Of the two cameras under consideration, the Canon 760D features an APS-C sensor and the Fujifilm GFX 50R a medium format sensor. The sensor area in the GFX 50R is 337 percent bigger. As a result of these sensor size differences, the cameras have a format factor of, respectively, 1.6 and 0.79. The sensor in the 760D has a native 3:2 aspect ratio, while the one in the GFX 50R offers a 4:3 aspect.
With 51.1MP, the GFX 50R offers a higher resolution than the 760D (24MP), but the GFX 50R nevertheless has larger individual pixels (pixel pitch of 5.33μm versus 3.72μm for the 760D) due to its larger sensor. Moreover, the GFX 50R is a much more recent model (by 3 years and 7 months) than the 760D, and its sensor will have benefitted from technological advances during this time that further enhance the light gathering capacity of its pixel-units. Coming back to sensor resolution, it should be mentioned that the GFX 50R has no anti-alias filter installed, so that it can capture all the detail its sensor resolves.
The resolution advantage of the Fujifilm GFX 50R implies greater flexibility for cropping images or the possibility to print larger pictures. The maximum print size of the GFX 50R for good quality output (200 dots per inch) amounts to 41.3 x 31 inches or 104.9 x 78.6 cm, for very good quality (250 dpi) 33 x 24.8 inches or 83.9 x 62.9 cm, and for excellent quality (300 dpi) 27.5 x 20.6 inches or 69.9 x 52.4 cm. The corresponding values for the Canon 760D are 30 x 20 inches or 76.2 x 50.8 cm for good quality, 24 x 16 inches or 61 x 40.6 cm for very good quality, and 20 x 13.3 inches or 50.8 x 33.9 cm for excellent quality prints.
The 760D has on-sensor phase detect pixels, which results in fast and reliable autofocus acquisition even during live view operation.
The Canon EOS 760D has a native sensitivity range from ISO 100 to ISO 12800, which can be extended to ISO 100-25600. The corresponding ISO settings for the Fujifilm GFX 50R are ISO 100 to ISO 12800, with the possibility to increase the ISO range to 50-102400.
Technology-wise, both cameras are equipped with CMOS (Complementary Metal–Oxide–Semiconductor) sensors. Both cameras use a Bayer filter for capturing RGB colors on a square grid of photosensors. This arrangement is found in most digital cameras.
Consistent information on actual sensor performance is available from DXO Mark for many cameras. This service assesses and scores the color depth ("DXO Portrait"), dynamic range ("DXO Landscape"), and low-light sensitivity ("DXO Sports") of camera sensors, and also publishes an overall camera score. The table below summarizes the physical sensor characteristics and sensor quality findings and compares them across a set of similar cameras.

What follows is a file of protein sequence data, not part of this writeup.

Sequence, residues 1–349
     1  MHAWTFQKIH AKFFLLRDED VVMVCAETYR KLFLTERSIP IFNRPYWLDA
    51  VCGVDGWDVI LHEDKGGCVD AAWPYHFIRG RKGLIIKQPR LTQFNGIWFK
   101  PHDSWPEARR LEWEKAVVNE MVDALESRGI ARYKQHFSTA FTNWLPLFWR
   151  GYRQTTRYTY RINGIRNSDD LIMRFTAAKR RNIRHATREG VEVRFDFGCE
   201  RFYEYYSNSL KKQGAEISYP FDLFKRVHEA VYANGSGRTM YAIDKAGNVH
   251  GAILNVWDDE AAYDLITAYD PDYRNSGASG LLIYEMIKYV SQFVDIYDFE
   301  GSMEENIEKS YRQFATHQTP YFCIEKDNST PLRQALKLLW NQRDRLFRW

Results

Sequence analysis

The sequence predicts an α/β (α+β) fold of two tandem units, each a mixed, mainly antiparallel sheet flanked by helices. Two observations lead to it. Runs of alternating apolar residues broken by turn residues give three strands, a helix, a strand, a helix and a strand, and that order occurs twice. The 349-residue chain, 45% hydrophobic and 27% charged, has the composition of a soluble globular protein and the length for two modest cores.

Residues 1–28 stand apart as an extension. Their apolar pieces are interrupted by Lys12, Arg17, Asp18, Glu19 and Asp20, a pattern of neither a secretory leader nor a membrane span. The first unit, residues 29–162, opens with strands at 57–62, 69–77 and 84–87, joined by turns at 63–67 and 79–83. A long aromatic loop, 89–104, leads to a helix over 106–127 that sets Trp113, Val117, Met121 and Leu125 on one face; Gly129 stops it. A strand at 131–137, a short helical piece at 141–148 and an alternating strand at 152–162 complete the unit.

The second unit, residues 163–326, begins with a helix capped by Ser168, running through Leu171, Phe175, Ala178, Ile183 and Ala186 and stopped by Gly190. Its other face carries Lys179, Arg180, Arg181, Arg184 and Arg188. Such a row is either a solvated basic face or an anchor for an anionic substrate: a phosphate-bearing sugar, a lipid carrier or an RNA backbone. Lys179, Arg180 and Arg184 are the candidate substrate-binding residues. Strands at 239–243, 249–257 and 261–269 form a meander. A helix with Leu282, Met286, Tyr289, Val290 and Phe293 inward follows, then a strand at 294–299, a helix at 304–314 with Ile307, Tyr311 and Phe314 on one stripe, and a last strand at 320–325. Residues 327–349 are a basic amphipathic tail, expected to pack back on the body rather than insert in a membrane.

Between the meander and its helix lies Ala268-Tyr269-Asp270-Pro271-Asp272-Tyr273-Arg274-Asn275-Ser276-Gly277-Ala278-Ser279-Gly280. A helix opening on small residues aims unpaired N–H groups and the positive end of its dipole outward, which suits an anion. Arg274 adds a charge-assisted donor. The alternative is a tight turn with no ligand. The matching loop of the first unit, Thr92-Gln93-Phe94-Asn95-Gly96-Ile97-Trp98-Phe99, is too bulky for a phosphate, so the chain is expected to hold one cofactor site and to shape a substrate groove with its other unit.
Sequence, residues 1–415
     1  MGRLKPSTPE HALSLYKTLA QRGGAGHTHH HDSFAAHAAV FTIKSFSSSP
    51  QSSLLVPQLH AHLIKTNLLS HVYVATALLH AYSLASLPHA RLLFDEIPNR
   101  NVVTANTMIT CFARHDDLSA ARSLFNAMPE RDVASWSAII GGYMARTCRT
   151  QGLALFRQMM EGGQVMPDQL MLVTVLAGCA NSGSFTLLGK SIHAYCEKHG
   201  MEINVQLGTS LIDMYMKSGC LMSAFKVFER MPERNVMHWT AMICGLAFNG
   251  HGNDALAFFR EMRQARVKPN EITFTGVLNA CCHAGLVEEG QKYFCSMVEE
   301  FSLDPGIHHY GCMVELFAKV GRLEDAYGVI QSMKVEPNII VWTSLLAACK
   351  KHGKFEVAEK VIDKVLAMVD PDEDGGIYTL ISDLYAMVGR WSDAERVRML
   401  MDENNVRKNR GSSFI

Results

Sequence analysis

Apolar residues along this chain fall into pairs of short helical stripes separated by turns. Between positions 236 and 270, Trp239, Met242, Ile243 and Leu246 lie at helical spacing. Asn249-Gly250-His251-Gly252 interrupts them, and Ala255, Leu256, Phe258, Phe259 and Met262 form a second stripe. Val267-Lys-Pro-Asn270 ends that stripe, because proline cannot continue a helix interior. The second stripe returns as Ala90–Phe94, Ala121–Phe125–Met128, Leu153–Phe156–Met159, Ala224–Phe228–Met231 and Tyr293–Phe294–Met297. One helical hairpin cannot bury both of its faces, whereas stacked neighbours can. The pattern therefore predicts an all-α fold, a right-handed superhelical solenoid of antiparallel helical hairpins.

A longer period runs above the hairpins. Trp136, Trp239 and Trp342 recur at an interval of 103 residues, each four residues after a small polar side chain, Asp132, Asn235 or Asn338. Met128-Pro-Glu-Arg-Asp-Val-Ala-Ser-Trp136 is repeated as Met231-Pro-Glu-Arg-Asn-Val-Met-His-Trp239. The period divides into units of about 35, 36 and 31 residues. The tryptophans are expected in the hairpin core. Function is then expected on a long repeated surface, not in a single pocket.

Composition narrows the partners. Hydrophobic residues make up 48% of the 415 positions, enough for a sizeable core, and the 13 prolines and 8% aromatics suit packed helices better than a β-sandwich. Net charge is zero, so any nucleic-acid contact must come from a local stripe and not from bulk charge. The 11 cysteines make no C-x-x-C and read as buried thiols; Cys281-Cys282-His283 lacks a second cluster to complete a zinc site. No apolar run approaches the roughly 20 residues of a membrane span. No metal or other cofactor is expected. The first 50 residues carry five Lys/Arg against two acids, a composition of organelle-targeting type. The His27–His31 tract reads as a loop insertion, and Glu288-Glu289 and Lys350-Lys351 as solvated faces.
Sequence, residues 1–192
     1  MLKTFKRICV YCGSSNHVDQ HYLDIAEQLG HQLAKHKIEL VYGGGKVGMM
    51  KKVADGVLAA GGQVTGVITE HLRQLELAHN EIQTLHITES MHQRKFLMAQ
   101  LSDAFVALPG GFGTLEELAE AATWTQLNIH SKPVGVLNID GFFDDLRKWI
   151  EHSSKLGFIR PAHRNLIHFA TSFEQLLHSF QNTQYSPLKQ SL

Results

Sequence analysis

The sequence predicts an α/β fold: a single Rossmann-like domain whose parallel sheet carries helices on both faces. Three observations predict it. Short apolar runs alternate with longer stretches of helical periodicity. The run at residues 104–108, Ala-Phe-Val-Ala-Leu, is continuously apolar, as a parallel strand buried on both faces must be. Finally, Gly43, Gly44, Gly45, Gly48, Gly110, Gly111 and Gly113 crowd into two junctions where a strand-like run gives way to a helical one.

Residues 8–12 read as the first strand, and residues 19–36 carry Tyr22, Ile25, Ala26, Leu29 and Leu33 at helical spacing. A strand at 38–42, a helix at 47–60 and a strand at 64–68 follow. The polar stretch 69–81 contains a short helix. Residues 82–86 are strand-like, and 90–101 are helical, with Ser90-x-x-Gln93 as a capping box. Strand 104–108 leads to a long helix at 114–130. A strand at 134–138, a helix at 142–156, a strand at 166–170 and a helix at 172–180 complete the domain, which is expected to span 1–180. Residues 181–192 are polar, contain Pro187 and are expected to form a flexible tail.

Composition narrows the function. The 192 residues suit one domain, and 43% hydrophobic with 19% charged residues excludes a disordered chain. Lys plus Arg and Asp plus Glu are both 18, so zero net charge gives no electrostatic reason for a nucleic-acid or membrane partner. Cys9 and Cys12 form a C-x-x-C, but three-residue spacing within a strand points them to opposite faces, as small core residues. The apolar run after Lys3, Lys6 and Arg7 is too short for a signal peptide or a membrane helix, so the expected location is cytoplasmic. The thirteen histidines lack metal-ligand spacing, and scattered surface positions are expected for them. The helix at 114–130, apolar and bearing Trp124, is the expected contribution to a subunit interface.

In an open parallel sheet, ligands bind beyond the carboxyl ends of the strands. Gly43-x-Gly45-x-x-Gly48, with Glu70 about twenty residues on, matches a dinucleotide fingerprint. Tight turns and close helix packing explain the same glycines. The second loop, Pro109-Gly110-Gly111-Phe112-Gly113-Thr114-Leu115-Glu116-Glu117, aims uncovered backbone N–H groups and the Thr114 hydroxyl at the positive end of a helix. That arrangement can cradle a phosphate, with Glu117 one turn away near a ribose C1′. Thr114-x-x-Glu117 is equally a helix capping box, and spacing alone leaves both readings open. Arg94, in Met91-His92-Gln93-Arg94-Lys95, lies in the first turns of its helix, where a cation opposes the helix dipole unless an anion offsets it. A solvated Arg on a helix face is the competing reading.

|2.||Fujifilm GFX 50R||Medium Format||51.1||8256||6192||1080/30p||25.7||14.4||3169||98|
|7.||Canon 5DS||Full Frame||50.3||8688||5792||1080/30p||24.7||12.4||2381||87|
|8.||Canon 5DS R||Full Frame||50.3||8688||5792||1080/30p||24.6||12.4||2308||86|
|11.||Canon G1 X Mark II||1.5-inch||13.0||4160||3120||1080/30p||21.5||10.8||581||58|
|12.||Canon G7 X||1-inch||20.0||5472||3648||1080/60p||23.0||12.7||556||71|
|14.||Fujifilm GFX 50S II||Medium Format||51.1||8256||6192||1080/30p||25.9||14.8||3456||100|
|15.||Fujifilm GFX 50S||Medium Format||51.1||8256||6192||1080/30p||25.4||14.1||2977||96|
|16.||Leica Q2||Full Frame||46.7||8368||5584||4K/30p||26.4||13.5||2491||96|
|Note: DXO values in italics represent estimates based on sensor size and age.|
Many modern cameras are not only capable of taking still images, but also of capturing video footage. Both cameras under consideration are equipped with sensors that have a sufficiently high read-out speed for moving images, and both provide the same movie specifications (1080/30p).
Apart from body and sensor, cameras can and do differ across a range of features. For example, the GFX 50R has an electronic viewfinder (3690k dots), while the 760D has an optical one. Both systems have their advantages, with the electronic viewfinder making it possible to project supplementary shooting information into the framing view, whereas the optical viewfinder offers lag-free viewing and a very clear framing image. The viewfinder in the GFX 50R offers a wider field of view (100%) than the one in the 760D (95%), so that a larger proportion of the captured image is visible in the finder. In addition, the viewfinder of the GFX 50R has a higher magnification (0.77x vs 0.51x), so that the size of the image transmitted appears closer to the size seen with the naked human eye. The following table reports on some other key feature differences and similarities of the Canon 760D, the Fujifilm GFX 50R, and comparable cameras.
|1.||Canon 760D||optical||Y||3.0 / 1040||swivel||Y||1/4000s||5.0/s||Y||n|
|2.||Fujifilm GFX 50R||3690||n||3.2 / 2360||tilting||Y||1/4000s||3.0/s||n||n|
|3.||Canon 2000D||optical||n||3.0 / 920||fixed||n||1/4000s||3.0/s||Y||n|
|4.||Canon 77D||optical||Y||3.0 / 1040||swivel||Y||1/4000s||6.0/s||Y||n|
|5.||Canon 800D||optical||n||3.0 / 1040||swivel||Y||1/4000s||6.0/s||Y||n|
|6.||Canon M5||2360||n||3.2 / 1620||tilting||Y||1/4000s||9.0/s||Y||n|
|7.||Canon 5DS||optical||Y||3.2 / 1040||fixed||n||1/8000s||5.0/s||n||n|